BC needs a dedicated species at risk law—one that focuses on recovery

May 22, 2019

UBC, SFU, the University of Victoria, and UNBC researchers have released recommendations for designing species at risk legislation.

British Columbia is home to the most biodiversity of any Canadian province or territory, with a vast array of species from the coast to the Rockies. Not only is B.C. home to the most species at risk in Canada, it also lacks dedicated species at risk legislation. On May 22, the International Day for Biological Diversity, UBC researchers Sarah Otto and Cole Burton discuss British Columbia’s efforts to develop comprehensive species at risk legislation.

Along with colleagues from UBC, Simon Fraser University, the University of Victoria, and the University of Northern British Columbia, they’ve just released recommendations for designing species at risk legislation in the province.

What’s the current state of species at risk legislation in British Columbia?

For a province with such incredible natural heritage, we’re behind the curve. We have a patchwork of laws that don’t consistently protect all species at risk from all types of human impacts across all types of land use. It’s an approach that hasn’t effectively prevented species declines—BC caribou herds are a prime example. And recent comments from the provincial government have the research community concerned that the province might be backing away from its plans for legislation. Protecting and recovering endangered species is a major challenge, but the good news is we can learn from successes and failures in other jurisdictions.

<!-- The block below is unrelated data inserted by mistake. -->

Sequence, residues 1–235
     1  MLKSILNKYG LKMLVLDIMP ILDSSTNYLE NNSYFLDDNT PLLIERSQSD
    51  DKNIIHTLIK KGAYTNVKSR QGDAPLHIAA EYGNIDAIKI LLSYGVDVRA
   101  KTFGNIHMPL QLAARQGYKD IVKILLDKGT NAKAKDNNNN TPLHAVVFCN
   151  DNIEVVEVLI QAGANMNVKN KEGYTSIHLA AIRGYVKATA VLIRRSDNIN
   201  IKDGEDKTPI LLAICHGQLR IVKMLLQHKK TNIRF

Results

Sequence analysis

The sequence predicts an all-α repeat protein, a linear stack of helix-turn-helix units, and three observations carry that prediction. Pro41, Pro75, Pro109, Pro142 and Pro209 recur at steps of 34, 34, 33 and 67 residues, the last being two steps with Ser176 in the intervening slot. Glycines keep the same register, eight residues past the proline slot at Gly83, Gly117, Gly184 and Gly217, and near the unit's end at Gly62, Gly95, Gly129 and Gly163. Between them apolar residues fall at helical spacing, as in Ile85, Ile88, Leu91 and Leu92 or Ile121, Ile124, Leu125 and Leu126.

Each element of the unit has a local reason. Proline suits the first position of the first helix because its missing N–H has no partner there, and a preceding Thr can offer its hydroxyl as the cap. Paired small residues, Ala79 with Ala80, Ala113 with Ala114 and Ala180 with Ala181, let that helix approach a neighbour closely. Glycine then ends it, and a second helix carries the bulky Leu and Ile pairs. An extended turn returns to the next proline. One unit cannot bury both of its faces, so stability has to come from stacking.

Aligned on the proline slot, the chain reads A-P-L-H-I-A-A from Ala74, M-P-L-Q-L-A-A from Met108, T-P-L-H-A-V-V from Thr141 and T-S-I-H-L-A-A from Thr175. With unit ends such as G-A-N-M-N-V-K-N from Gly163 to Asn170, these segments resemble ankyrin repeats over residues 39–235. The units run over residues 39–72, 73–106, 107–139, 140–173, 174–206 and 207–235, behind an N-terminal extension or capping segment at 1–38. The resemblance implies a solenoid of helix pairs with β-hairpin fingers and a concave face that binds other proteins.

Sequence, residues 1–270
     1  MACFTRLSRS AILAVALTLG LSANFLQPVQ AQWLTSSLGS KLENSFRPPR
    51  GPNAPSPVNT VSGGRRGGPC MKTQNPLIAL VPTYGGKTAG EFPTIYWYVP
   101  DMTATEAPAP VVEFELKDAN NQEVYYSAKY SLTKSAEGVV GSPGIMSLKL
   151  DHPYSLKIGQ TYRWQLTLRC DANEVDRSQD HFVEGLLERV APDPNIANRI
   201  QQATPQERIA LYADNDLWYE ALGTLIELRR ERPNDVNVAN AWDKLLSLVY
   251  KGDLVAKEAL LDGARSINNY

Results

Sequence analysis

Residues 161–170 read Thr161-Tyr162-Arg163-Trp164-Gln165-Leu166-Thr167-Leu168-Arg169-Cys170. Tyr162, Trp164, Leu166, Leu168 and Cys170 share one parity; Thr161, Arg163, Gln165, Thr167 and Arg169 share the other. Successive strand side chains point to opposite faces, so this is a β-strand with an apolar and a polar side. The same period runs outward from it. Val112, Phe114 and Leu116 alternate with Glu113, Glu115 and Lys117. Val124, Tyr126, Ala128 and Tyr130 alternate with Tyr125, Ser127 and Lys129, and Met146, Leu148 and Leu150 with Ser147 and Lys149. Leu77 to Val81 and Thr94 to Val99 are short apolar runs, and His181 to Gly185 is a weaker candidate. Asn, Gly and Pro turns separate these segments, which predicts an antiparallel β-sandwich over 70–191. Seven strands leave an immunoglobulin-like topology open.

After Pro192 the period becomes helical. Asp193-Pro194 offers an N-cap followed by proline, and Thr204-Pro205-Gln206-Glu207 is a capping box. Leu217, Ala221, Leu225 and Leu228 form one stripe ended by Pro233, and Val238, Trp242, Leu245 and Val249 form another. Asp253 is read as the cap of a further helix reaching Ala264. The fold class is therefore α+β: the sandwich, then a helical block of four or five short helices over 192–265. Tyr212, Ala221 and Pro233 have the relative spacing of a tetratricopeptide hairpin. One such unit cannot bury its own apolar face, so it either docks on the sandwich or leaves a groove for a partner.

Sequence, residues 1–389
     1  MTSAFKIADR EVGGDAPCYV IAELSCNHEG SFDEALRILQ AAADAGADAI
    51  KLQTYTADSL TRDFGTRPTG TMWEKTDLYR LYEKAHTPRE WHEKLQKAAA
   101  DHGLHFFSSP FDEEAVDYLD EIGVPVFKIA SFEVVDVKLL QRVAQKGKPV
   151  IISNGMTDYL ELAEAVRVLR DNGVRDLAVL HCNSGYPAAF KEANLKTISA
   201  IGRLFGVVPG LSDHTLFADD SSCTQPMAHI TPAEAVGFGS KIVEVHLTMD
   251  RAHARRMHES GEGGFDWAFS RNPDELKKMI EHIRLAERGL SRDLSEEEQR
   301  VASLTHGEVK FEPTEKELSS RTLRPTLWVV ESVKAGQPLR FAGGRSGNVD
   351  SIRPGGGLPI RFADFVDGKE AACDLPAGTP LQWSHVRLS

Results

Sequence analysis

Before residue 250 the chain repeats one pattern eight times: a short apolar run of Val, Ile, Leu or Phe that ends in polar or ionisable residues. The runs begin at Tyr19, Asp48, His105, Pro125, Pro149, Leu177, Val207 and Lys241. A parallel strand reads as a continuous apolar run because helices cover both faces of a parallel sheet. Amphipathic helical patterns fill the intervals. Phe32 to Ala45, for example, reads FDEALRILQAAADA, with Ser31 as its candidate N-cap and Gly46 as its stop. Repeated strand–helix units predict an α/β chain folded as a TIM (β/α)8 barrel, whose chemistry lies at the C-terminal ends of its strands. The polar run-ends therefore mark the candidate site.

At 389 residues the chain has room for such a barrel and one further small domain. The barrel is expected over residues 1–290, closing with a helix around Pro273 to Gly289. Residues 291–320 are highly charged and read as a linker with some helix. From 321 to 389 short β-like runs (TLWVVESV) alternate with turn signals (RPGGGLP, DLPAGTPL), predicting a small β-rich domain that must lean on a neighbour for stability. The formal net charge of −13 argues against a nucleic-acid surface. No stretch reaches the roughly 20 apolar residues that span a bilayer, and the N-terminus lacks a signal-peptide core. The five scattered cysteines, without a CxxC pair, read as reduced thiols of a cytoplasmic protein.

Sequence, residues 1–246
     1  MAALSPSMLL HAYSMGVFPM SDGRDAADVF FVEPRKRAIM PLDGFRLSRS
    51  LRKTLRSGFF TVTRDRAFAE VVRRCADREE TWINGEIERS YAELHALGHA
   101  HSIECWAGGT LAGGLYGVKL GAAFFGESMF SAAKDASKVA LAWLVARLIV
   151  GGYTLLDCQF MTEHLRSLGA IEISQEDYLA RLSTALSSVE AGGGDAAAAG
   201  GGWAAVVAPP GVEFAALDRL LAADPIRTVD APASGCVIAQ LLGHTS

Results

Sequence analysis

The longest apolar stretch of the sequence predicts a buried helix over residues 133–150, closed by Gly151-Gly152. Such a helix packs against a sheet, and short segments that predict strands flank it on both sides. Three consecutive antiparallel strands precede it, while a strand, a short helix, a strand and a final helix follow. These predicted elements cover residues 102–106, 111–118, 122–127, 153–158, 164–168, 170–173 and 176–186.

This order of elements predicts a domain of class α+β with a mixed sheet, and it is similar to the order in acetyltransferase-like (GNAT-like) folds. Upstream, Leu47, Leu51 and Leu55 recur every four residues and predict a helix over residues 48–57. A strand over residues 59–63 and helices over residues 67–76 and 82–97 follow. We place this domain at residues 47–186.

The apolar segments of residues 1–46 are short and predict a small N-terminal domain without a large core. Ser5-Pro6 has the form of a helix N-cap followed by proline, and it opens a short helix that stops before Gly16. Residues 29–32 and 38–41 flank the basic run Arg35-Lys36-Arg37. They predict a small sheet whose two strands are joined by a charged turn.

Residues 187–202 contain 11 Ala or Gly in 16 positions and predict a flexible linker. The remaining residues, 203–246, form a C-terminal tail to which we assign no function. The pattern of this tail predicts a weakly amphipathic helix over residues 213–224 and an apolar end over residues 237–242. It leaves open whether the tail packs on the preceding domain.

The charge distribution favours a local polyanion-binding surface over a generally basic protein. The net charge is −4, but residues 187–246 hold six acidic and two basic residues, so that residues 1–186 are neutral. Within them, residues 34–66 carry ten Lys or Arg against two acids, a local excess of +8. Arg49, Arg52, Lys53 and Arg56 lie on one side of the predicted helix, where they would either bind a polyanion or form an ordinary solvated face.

What would effective species at risk legislation look like in BC?

It would focus on recovery and independent oversight.

Laws that generate lists and plans without accountability for species recovery are ineffective. An effective law requires the commitment of resources to conservation and coordination among sectors to ensure that enough is done to halt species declines. We recommend a strong and immediate program for monitoring and reporting on recovery efforts, and the formation of specialized recovery teams—working together much like a team of doctors to save a dying patient.

We also recommend transparency in determining which species are listed as endangered, based on evidence and determined by independent experts. Some jurisdictions in Canada allow government discretion to list or not list species, even in cases where the evidence is clear that the species is endangered. That means some species fall between the cracks, without coordinated recovery efforts. There are also ways to speed up the listing process by making it automatic for species already listed under Canada’s federal Species at Risk Act. That would avoid delays and the costs of evaluating species twice.

Explain the partnership approach you’re recommending in any provincial legislation.

Any new law needs to use lessons from natural and social sciences and from Indigenous knowledge to have the best chance of making a difference for species on the ground. To save species from extinction requires deeper integration among provincial, federal, and Indigenous governments, academic, industry, and non-governmental sectors. A key aspect is nation-to-nation engagement with Indigenous peoples to co-develop policies that protect species at risk.

For more information, contact…

Chris Balma

  • Biodiversity
  • Botany
  • Zoology

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